California Title V NA IP Process (handout)

Report
Strategies and Lessons from California’s MCAH
Five-Year Needs Assessment and
Implementation Plan
Maternal, Child & Adolescent Health Program
Center for Family Health
California Department of Public Health
Rocky Mountain Public Health Education Consortium, Albuquerque, NM;
Sept. 19, 2008
California’s Story – Presentation Outline
– Overview
• California’s Environment & Demographics
• MCAH Program
– Title V 2005 Needs Assessment
•
•
•
•
•
Framework
Guideline Development
Quantitative Indicators & Qualitative Analysis
Stakeholder Input & Capacity Assessment
Establishing Priorities
– Title V Implementation Plan
• Development Process
• Monitoring Progress
– Lessons Learned
• Recommendations
• Challenges
California Demographic Characteristics: 2006
•
State Projected Total Population
– Hispanic
– Non-Hispanic
• White
• Asian
• Pacific Islander
• African American
• American Indian
• Multi-Race
37.4 million
13.2 million (35%)
24.2 million (65%)
16.4 million (44%)
4.3 million (12%)
0.1 million (0.4%)
2.3 million (6%)
0.2 million (0.6%)
0.8 million (2.1%)
•
California Resident Women Births
– 13.3% of 2005 US Births
562,157
•
Births to Resident Hispanic Women
52% of total births
•
Paid by Medi-Cal
– Prenatal Care
– Delivery
46% of total births
47% of total births
•
Unintended Births to California Women
43%
Data Sources: State of California, Department of Public Health, 2006 Birth Records; Hamilton BE, Martin JA, Ventura SJ. Births: Preliminary data for 2005. Health E-Stats. Released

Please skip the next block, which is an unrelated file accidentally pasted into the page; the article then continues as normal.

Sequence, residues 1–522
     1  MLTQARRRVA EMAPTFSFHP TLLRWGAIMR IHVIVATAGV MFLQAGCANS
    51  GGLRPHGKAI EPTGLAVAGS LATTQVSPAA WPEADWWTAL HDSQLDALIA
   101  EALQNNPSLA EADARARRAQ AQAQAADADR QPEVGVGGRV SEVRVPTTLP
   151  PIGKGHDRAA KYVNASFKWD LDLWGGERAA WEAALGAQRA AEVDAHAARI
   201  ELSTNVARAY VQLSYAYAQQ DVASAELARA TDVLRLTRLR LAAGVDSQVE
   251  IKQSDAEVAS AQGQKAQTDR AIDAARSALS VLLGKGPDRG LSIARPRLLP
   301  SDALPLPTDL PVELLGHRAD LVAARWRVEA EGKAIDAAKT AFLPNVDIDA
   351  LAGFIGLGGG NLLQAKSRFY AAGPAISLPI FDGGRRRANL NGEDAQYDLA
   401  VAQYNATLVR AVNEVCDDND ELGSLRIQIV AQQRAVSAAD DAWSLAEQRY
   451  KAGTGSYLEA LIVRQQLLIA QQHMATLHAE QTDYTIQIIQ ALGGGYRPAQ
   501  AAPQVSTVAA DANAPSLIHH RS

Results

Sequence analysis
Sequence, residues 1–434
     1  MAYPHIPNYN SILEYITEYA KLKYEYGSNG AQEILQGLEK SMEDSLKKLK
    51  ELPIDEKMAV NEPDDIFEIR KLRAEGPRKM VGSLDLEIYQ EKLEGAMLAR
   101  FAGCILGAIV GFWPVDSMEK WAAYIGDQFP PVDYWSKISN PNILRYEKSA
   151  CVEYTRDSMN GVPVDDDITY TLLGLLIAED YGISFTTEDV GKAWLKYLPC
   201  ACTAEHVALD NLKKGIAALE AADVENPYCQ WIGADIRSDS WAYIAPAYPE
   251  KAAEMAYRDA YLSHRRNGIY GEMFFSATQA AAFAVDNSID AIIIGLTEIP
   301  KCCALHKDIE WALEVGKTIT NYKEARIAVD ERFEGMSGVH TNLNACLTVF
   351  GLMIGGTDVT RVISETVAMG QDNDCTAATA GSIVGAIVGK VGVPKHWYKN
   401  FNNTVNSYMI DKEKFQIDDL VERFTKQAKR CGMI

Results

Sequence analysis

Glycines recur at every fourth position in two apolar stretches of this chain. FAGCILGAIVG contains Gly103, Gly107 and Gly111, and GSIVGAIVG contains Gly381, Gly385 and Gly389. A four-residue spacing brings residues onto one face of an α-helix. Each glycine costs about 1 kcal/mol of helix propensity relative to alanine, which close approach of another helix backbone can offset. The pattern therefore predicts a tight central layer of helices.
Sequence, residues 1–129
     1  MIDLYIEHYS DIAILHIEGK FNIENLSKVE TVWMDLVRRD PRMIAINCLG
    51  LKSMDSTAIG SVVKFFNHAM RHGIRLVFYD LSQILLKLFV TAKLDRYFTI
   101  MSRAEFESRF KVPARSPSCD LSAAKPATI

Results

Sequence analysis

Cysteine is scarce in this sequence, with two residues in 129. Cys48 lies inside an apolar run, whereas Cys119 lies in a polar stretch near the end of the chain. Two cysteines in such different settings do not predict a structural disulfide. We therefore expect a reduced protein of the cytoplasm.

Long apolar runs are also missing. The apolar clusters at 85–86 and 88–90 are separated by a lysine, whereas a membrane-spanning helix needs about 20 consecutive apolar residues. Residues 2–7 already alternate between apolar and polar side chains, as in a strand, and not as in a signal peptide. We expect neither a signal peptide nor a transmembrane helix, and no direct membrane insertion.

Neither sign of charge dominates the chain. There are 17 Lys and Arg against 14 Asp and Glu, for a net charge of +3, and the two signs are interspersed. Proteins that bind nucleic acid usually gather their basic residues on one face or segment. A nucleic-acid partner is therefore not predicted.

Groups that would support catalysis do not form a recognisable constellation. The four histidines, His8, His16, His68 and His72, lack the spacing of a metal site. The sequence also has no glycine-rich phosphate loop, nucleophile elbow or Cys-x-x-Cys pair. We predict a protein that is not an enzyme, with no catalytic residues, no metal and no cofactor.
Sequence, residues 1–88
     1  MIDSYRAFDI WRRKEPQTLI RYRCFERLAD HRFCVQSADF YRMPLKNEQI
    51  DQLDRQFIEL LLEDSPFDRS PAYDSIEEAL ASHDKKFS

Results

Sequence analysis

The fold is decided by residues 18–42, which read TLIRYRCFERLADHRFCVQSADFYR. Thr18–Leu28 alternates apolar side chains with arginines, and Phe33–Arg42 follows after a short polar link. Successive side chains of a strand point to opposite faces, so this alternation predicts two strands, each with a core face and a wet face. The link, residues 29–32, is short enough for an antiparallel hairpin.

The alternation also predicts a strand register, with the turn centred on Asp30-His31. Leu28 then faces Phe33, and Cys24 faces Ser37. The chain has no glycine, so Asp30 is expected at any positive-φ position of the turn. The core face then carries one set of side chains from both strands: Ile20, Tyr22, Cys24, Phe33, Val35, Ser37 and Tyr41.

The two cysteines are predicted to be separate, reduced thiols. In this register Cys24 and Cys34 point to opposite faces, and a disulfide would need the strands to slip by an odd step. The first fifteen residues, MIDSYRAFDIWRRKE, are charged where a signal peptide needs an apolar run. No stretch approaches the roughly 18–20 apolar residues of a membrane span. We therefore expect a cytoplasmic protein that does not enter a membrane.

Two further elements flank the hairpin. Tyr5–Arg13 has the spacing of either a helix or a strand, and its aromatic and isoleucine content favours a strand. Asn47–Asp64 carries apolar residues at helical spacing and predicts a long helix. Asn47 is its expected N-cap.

November 21, 2006; State of California, Department of Finance, Race/Ethnic Population with Age and Sex Detail, 2000–2050. Sacramento, CA, July 2007.; Maternal and Infant
Health Assessment (MIHA) Survey, 2005.
Modoc
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tle
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California
Counties by
Urban &
Rural
Designation
Shasta
Lassen
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Plumas
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Glenn Butte
Sierra
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Colusa Y N
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El Dorado
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Ca
Solano
San
Contra
s Tuolumne
Marin
lau
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Mono
CostaJoaquin
nis
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t
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AlamedSa
San Francisco
a
er
San Mateo
ad
Santa S
M
an
Clara Merced
Be
Santa Cruz
ni
Fresno
to
Mo
nt
er
ey
Tulare
Kings
Su
Men
Urban
ino
Trinity
r
tte
Rural counties are defined
by the state Rural
Health Policy Council
as having a population
of less than 250
persons per square